The aim of the PDCA is to create a more predictable and transparent atmosphere for economic operators and increase their economic capacity to produce, trade and create jobs, but it does not establish a free trade area between the parties or cover investment protection.
The EU advocates diversification of exports from Cuba beyond the traditional products, and cooperates to disseminate the necessary knowledge among Cuban exporters to improve the access of goods onto the EU market.
EU cooperation with Cuba is covered by the Development Cooperation Instrument (DCI). Development cooperation resumed in 2008, and in the first period until 2014, the European Commission committed around €90 million in the fields of food security, hurricane response and disaster preparedness, environment, climate change and energy, culture and heritage, support to economic and social modernization as well as management capacities.
A further €50 million have been allocated for the period 2014-2020 to support the development of the country on three sectors: sustainable agriculture and food security, environment and support for a better use of key natural resources for sustainable development, as well as support to sustainable economic and social modernisation. The selected sectors respond to the national priorities identified in the "Cuban Guidelines for economic and social policy", which aim to promote reforms in the country.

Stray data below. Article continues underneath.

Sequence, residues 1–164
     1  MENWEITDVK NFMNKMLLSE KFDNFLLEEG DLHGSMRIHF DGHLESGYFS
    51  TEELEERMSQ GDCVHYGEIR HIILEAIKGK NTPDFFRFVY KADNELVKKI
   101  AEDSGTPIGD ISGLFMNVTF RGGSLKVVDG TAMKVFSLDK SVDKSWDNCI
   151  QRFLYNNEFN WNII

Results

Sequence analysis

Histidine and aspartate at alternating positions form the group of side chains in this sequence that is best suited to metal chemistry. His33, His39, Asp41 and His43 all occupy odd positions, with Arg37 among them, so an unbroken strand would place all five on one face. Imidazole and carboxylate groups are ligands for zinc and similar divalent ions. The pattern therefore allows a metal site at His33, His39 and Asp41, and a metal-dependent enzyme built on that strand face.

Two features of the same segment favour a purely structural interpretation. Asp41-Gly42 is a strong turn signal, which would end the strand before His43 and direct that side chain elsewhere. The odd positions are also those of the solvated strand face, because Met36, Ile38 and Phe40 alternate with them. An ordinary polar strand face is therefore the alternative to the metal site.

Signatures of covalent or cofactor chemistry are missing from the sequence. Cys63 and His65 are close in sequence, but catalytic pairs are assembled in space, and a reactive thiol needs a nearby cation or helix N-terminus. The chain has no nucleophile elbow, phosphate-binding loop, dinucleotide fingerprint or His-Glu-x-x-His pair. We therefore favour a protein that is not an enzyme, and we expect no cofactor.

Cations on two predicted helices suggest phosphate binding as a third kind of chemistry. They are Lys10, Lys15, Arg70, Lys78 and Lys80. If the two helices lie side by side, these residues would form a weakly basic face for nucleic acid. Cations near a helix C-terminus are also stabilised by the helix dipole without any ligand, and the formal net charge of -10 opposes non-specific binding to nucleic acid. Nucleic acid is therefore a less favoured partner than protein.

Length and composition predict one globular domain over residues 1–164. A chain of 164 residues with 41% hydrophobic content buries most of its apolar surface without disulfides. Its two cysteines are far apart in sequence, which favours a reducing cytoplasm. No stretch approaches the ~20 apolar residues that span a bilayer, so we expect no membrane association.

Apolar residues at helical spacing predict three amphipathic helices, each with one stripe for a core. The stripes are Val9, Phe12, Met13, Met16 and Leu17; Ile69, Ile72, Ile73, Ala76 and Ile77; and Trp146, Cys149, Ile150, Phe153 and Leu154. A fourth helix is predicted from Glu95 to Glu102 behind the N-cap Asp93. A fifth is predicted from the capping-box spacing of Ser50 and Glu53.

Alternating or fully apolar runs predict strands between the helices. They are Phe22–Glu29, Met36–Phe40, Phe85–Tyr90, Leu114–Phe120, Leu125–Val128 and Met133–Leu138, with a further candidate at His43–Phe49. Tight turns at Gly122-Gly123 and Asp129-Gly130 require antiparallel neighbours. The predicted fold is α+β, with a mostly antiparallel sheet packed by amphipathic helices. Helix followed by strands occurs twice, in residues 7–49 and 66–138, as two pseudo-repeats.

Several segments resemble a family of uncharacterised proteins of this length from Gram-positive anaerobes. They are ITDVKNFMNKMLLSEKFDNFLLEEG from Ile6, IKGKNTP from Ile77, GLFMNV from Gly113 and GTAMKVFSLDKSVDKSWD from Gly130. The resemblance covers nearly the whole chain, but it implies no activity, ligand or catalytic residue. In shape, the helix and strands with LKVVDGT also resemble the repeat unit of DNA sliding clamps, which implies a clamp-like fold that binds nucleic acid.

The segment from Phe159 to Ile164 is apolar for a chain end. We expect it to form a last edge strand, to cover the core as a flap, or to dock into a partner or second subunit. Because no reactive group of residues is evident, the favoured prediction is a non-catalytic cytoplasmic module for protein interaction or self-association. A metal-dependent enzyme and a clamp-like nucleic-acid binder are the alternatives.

In addition, the EU allocated another €5 million for the same period for social projects to support vulnerable populaton groups and cultural projects implemented by civil society organisations or local authorities.
Cuba also benefits from EU regional programmes in Latin America, covering a wide range of topics, for example supporting the internationalisation of Cuban SMEs, supporting cooperation on drugs policies or facilitating climate change mitigation and adaptation strategies. Other programmes address urban local development, the water sector, higher education cooperation and facilitating education mobility and capacity building in academic institutions, e.g. through Erasmus +.
With the start of provisional application of the EU-Cuba PDCA on 1 November 2017, the EU will sign its first agreement with the Cuban authorities setting the framework for the implementation of a bilateral project in the area of renewable energies with implementation done through international organisations or civil society organisations.
The European Commission's department for Humanitarian Response has been providing emergency assistance to Cuba since 1993, to support the population affected by natural disasters. Since then, more than €94 million were granted to humanitarian aid actions in Cuba. Given its disaster risks and the population's vulnerability, specific support for more than €6 million was provided to disaster preparedness, e.g. on seismic risk reduction, hydro-meteorological Early Warning Systems or resilience to droughts.
Following Hurricane Irma, the EU has provided €1.6 million in humanitarian aid to some 25.000 most vulnerable people in most affected areas. In the target areas, immediate response to shelter needs has been prioritised. As a complement, support to Water, Sanitation and Hygiene in key health infrastructures, as well as epidemiological surveillance and rehabilitation of health services in the neediest communities will be provided.